Dr. Karen Bell has had an accomplished career in healthcare – first as an infectious disease specialist and later as a health information technology and policy expert, at one point reporting to former U.S. Health and Human Services Secretary Michael Leavitt. Though she recently retired, she’s soldiering on in her commitment to make a difference in medicine – this time with a specific focus on Alzheimer’s disease, as a volunteer with the Memory and Aging Program at Butler Hospital in Providence, Rhode Island, one of the world’s leading centers for Alzheimer’s research. There are 23,000 Rhode Islanders currently living with Alzheimer’s disease, and that number is projected to grow by 17.4% in just six years.

Here, Dr. Bell shares what she’s doing to help the cause, why it matters that others get involved, and how she’s taken her own involvement to an even more personal level by giving more than just her time and talents as a volunteer…

Dr. Karen Bell, a volunteer with the Memory and Aging Program at Butler Hospital, talks with people about Alzheimer's research at a September, 2018 Waterfire event in Providence, Rhode Island.

Dr. Karen Bell, a volunteer with the Memory and Aging Program at Butler Hospital, talks with people about Alzheimer’s research at a September, 2018 Waterfire event in Providence, Rhode Island.

What drew you to become a volunteer at the Memory and Aging Program (MAP), and do you think your professional history and experience influenced that decision?

I got involved with the Memory and Aging Program a little less than a year ago, in March 2018. I was looking for ways to become involved with volunteer work, and Brown University has always been very special to me — I was very lucky to have received a scholarship to attend the university — and I felt that volunteerism would be a great way for me to give back.

So I met with the alumni office who offered to introduce me to Dr. Salloway [Director of Neurology and the Memory and Aging Program at Butler Hospital and Martin M. Zucker Professor of Psychiatry and Human Behavior and Professor of Neurology at the Warren Alpert Medical School of Brown University]. I had read about his research on halting the progression of Alzheimer’s Disease in Time and was thrilled at the possibility of possibly working with his team.

When we met, I found him to be both brilliant and practical. I know from my prior professional experience that the combination of brilliance, practicality and empathy in a research environment is special and key for success.  And then I met the rest of the team. You cannot help but be impressed by the camaraderie, the cohesiveness of those who comprise the MAP program — it’s truly a collaborative organization that gets things done. I knew right away that I wanted to be supportive in any way I could.

Not only are you a volunteer, but you’ve also become a participant in research yourself. What has that experience been like?

I got myself swabbed right at the start of my involvement with MAP, at the Brain Week event at Brown last March. [The Memory and Aging Program collects cheek swabs from volunteers with normal memory function to be used in the GeneMatch program, which connects volunteers with Alzheimer’s prevention studies.]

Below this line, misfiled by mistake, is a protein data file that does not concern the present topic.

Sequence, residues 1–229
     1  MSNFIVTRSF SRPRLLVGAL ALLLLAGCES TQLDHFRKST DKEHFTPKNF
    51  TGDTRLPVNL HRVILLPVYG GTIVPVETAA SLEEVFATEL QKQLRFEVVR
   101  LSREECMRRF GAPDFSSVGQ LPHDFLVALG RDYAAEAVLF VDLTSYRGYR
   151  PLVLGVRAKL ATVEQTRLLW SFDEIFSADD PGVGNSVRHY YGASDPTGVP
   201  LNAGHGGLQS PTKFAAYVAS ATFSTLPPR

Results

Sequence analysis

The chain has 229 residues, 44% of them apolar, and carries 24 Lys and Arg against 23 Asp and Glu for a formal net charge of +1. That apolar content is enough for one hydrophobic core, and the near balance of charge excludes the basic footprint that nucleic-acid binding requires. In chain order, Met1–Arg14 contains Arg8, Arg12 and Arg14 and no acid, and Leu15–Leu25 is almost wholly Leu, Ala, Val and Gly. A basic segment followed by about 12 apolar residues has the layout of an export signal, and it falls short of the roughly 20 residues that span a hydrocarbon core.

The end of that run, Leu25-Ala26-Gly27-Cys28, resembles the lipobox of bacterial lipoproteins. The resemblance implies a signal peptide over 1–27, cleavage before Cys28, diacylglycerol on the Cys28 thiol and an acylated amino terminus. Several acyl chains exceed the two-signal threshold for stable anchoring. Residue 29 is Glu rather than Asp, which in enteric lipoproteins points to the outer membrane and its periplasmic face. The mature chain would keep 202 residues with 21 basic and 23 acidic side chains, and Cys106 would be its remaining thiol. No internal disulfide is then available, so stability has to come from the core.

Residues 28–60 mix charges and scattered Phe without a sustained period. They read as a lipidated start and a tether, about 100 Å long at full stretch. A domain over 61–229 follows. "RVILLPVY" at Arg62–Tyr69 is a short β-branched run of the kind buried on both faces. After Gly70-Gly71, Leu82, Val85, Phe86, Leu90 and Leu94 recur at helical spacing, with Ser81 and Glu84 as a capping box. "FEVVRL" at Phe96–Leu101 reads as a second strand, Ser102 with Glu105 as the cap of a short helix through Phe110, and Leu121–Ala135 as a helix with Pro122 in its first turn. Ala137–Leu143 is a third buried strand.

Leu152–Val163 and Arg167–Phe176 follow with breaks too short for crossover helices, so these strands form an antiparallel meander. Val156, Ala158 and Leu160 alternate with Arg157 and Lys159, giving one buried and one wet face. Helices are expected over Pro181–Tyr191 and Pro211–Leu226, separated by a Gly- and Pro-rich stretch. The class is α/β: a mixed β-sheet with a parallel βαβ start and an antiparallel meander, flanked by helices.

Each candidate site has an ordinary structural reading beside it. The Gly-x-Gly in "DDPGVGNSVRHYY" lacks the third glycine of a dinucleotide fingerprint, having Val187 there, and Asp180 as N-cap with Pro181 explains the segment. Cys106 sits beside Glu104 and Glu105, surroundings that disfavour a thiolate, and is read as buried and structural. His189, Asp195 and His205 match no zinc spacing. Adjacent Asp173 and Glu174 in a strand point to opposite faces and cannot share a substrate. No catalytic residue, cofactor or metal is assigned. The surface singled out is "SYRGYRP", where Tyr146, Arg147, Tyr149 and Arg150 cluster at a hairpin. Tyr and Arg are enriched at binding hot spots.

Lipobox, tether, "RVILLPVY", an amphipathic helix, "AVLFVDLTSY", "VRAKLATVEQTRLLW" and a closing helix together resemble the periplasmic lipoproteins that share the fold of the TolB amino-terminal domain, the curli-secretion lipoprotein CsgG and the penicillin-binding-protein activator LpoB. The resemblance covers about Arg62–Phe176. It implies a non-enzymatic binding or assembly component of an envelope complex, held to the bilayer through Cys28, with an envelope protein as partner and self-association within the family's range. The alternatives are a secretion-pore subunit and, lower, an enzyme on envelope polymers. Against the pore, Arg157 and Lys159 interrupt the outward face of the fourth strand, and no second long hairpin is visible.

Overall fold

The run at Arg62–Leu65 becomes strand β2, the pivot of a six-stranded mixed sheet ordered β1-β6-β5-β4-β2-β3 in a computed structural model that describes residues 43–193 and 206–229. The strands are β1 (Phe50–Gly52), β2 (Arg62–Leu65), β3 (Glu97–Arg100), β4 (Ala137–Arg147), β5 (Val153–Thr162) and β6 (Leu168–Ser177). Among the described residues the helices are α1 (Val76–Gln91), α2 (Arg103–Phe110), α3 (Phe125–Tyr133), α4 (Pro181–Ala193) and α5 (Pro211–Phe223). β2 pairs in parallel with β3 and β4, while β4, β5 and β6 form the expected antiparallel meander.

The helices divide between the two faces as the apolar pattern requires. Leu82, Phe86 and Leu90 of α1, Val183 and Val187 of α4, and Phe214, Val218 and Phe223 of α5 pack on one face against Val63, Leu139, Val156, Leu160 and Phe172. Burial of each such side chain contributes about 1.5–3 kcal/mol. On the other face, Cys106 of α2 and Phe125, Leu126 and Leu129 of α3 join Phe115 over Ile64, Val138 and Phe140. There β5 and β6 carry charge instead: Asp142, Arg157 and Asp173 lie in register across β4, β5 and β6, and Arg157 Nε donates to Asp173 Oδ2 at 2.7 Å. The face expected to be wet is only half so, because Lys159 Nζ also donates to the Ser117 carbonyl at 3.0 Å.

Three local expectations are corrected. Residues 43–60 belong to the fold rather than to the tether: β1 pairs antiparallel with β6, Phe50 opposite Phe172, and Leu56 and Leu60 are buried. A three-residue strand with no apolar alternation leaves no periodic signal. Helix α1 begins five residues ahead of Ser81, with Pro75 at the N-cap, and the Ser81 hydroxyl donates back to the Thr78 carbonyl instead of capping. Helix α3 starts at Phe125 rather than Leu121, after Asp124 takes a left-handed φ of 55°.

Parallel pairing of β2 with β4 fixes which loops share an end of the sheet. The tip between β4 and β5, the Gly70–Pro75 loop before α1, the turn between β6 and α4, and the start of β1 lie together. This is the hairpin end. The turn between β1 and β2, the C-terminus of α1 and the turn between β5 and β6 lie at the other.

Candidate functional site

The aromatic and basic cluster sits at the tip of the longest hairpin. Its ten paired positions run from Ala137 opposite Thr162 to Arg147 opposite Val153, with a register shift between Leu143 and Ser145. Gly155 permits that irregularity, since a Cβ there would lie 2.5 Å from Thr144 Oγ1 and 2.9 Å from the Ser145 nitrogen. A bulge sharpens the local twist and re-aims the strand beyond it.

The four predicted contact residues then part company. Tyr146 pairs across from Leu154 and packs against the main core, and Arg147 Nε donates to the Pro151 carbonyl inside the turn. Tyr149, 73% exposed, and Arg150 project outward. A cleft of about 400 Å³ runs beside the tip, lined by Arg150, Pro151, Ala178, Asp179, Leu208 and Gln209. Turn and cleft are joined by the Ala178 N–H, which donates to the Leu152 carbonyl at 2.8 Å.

I later got an invitation to join a study and so I’ve had an opportunity to experience what it’s like to actually be involved in the research. At first you do go through that process where you’re wondering: “Why did they invite me? Did my swab show evidence of high risk? What if I am at high risk?” Even though I knew as a physician and someone working with the program that they have to reach out to people who are low-risk too, I still found myself going through that thought process. It does force you to think about the future in a different way, and eventually I thought, “Well yes, I could get dementia down the line, or I could have a heart attack next week.”

You can’t predict the future, but you can do things in the present to help prepare for it.

I went through the eligibility process of participating in a study and I was struck by how thorough it was, and most important, how careful and supportive the staff were with respect to providing genetic information if you want it. I was very pleasantly surprised by the whole experience. The takeaway was that the staff are well trained and caring; they do a fantastic job. Since then some of my former classmates who were also contacted to participate in research have gotten in touch, and I can now tell them participation is a very positive experience.

What has been the most striking thing for you so far about the experience of volunteering with MAP?

Most people who live here in Rhode Island don’t realize that the research being done in the MAP program is cutting edge on a global scale.  The work being done in this little state by this 5-star program is leading the effort to eradicate the scourge of Alzheimer’s dementia.

To be part of this kind of illustrious program that truly has the potential to stay the ravages of Alzheimer’s is a gift that everyone here in Rhode Island has the opportunity to take advantage of — by participating, by talking about it. Participation is a real gift not only to them and their families, but also to the state and to humanity. More and more people are going to the website,  signing up for testing, and sharing the word. If I can do any small thing to help the amazing research and clinical progress that MAP is doing and making, I’m grateful to be part of this phenomenal team.

To learn more about the Memory and Aging Program and how you can get involved, visit butler.org/memory.

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